By Michael Singh

WASHINGTON, DC - FEBRUARY 14: Chairman of the Joint Chiefs of Staff Gen. Martin Dempsey testifies during a Senate Armed Services Committee hearing on Capitol Hill February 14, 2012 in Washington, DC. The committee is hearing testimony on the Defense Department's budget request for FY2013. (Photo by Mark Wilson/Getty Images)

In a recent remark that has stoked considerable controversy, Chairman of the Joint Chiefs of Staff Gen. Martin Dempsey said that it is. Dempsey underscored the importance of this assertion when he said that it was based on this conclusion — that the regime is a “rational actor” — that he felt the current U.S. approach to Iran “is the most prudent path.”

To determine whether Gen. Dempsey is right or wrong, it is important to understand what it means for a government to act rationally. It does not necessarily imply that the government sees the world the way we do, or makes the decisions we would make. Simply put, there are two essential criteria for rationality — first, that decisions are arrived at through a process of logical reasoning; second, that the decisions made are the best ones given the choices available.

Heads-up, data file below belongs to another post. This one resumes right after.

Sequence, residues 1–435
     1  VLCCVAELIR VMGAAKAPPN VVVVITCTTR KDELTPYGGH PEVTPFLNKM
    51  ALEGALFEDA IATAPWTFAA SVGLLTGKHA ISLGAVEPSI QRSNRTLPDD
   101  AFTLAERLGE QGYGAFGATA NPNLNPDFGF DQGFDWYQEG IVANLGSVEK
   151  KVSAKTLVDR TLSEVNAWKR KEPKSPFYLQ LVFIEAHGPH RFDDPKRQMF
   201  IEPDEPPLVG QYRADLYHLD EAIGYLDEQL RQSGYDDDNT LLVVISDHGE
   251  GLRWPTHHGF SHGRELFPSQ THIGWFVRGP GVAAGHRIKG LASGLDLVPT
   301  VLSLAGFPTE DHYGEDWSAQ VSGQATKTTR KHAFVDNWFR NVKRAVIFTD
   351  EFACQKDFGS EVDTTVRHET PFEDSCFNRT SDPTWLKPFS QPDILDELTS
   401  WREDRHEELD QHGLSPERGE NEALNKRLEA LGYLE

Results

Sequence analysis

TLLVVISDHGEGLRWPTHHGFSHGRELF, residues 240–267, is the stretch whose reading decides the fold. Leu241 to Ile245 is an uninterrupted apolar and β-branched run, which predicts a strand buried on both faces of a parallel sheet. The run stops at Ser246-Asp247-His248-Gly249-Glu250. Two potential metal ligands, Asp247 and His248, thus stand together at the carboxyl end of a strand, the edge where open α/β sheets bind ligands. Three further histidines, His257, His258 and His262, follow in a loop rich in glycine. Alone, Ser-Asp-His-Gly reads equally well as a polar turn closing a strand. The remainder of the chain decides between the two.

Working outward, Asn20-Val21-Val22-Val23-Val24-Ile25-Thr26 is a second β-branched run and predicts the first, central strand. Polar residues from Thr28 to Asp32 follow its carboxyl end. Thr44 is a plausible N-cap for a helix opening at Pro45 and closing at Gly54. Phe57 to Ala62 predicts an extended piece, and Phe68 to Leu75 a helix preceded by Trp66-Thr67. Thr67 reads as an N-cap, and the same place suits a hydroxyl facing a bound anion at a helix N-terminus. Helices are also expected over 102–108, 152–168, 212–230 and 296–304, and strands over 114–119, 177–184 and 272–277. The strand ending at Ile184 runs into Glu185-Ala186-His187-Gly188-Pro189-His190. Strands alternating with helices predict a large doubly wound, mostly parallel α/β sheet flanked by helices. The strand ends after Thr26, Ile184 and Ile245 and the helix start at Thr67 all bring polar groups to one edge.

Most discussions of whether the Iranian regime is rational focus on the first criterion. Does the regime make its choices by weighing costs and benefits, or through a capricious process guided by whim and claims of divine revelation? The U.S. intelligence community believes that it is the former: for all of the regime’s unhinged rhetoric, the regime is calculating in its decision-making. The 2007 National Intelligence Estimate on Iran’s nuclear program puts it this way: “Tehran’s decisions are guided by a cost-benefit approach rather than a rush to a weapon irrespective of the political, economic, and military costs.”

However, this conclusion raises a critical question — what does the Iranian regime see as costly, and what does it see as beneficial? Read more…

Michael Singh is managing director of The Washington Institute and a former senior director for Middle East affairs at the National Security Council.

As published in www.foreignpolicy.com on February 23, 2012.


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